Nonetheless, I always have a few students who declare that Rand is the first reading they have liked. I ask probing questions hoping to find that maybe they didn’t really get what she was saying, simplistic as it is, but I generally have to concede that they really do like what she says. As a result, I think I have created a small band of ardent Rand supporters over the years. The Tea Party can thank me. And I think I’ve identified the two reasons she is so popular with students:

1. As I mentioned, the assignment is easy to read and digest. After slogging through Mill and Kant, I can certainly understand why they would be relieved to find something they can understand on the first pass, even if the reading completely flies in the face of their supposed religious convictions. But the second point is more meaningful to me.

2. Rand is easy in another sense as well. She really doesn’t demand much of her readers. She tells them they must be selfish and pursue only what is truly gratifying to them. Now, Epicurus said that they should seek a pleasurable life through contemplation and serious examination of the world around them with great respect for their community. Aristotle tells them they must practice constantly to become virtuous in a way that will enable not only their personal flourishing but the success of their society. Mill tells them to seek their own pleasure but that they will derive the greatest satisfaction from pleasures that require much practice and refinement to achieve. And Kant tells them they can’t lie under any circumstances. Furthermore, they must help people who are worse off than they are. To follow Kant or any of the others, they would have to put out a great deal of effort to change how they live, but to follow Rand’s advice they don’t see that much more effort is required. In their minds, at least, they are already living Rand’s ideal life. And, they get to feel pretty self-righteous comparing themselves to recipients of government aid (my students do not consider low community college tuition to be a form of government support).

I suppose I am hopelessly naive to think my students will take my class looking for hints on possible self improvement. They are seeking validation for their current lifestyles, not ideas on how to improve.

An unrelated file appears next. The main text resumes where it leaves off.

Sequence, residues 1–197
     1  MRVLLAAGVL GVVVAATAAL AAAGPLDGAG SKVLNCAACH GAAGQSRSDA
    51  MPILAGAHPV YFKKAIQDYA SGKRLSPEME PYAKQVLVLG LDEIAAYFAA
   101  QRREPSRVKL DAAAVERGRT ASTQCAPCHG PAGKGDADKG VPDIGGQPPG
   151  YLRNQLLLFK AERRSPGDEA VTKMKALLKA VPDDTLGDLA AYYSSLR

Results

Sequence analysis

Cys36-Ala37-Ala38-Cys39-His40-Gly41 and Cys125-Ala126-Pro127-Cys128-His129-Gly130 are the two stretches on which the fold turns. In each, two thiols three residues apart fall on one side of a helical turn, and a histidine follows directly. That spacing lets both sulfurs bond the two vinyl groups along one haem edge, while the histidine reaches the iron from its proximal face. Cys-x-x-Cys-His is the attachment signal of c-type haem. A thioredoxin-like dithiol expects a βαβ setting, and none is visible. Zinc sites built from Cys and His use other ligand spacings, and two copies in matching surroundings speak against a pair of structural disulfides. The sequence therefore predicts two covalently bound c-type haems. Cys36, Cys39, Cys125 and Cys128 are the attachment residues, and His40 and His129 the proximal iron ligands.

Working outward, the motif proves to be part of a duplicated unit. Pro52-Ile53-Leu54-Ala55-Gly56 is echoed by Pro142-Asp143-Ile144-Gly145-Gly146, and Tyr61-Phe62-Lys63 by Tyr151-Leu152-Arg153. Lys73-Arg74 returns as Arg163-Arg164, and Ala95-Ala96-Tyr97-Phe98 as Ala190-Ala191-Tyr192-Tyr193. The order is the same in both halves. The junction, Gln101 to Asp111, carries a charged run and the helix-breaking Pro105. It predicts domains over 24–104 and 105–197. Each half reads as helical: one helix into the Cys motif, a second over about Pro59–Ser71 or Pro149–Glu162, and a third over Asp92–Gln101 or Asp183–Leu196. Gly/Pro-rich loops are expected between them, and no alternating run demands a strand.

Except when they are not seeking the easy way. It is easy for teachers to get discouraged and forget all the talented and hard working students who are in constant search of new information and new challenges. Many of my students have now gone on from the community college to universities and graduate school. They have admirable careers in fields such as law, science, health, and social work. I am humbled by them.

http://www.youtube.com/watch?v=K9mJpVf4dkc

For further reading:
1. 10 (insane) things I learned about the world reading Ayn Rand’s Atlas Shrugged
2. How Ayn Rand Seduced Generations of Young Men and Helped Make the US into a Selfish, Greedy Nation

Tea Party Fights Corporate Abuse

The East India Company, chartered in 1600, was the first corporation in the modern sense. Members would invest capital, management would conduct the operations, and investors would receive repayment in proportion to their investments. For the first time, investors and mangers were separate persons. At this time, it was unclear who would be responsible for wrongs committed by the corporation.

As this and similar ventures developed, investors were increasingly separated from the actions of the corporations, and limited liability (investors could only lose the amount they invested in the corporation) became the norm by the end of the nineteenth century. This also made corporate immortality possible as corporations could outlive their owners.

The British East India Company (BEIC) rapidly gained economic power and exerted global influence. It formed the largest standing army in the world at the time, gained control of India and the surrounding islands, controlled the opium trade in China, and managed slave trading out of Madagascar. One-third of British parliament members held stock in BEIC, 10 percent of British tax revenues came from tax on BEIC tea, and the King depended on loans from the company. In exchange for these benefits to the British government, BEIC was granted many favors, including monopoly rights.

The company conscripted thousands of British for forced labor in Jamestown, a colony set up in America by BEIC. Eighty percent of these laborers died before completing their seven-year tenure. Because of its rapid expansion and competition from small colonial business, though, BEIC was almost bankrupt. It was able to overcome this setback with more favors from the British government, which expanded its monopoly and led to the 1773 Tea Act, lifting tariffs on tea and enabling BEIC to flood the market with cheap tea and destroy its competition.

This was the catalyst for the Boston Tea Party. During the Boston Tea Party, protestors dumped more than 90,000 pounds of tea into the harbor, which was then closed for more than a year and a half. This led to the battles of Lexington and Concord; as a result, America’s founders vowed to protect the United States from corporate power and corruption.

The Boston Tea Party is an enduring symbol of America’s popular resistance to the collusion of corporations and government against the interests of the people.

Information for this blog came from:

1. Christopher D. Stone, Where the Law Ends: The Social Control of Corporate Behavior (New York: Harper & Row, 1976).

2. Shelley K. White, “Corporations, Public Health, and the Historical Landscape that Defines Our Challenge,” in The Bottom Line or Public Health: Tactics Corporations Use to Influence Health and Health Policy, and What We Can Do to Counter Them, ed. William H. Wiist (New York, NY: Oxford University Press, 2010).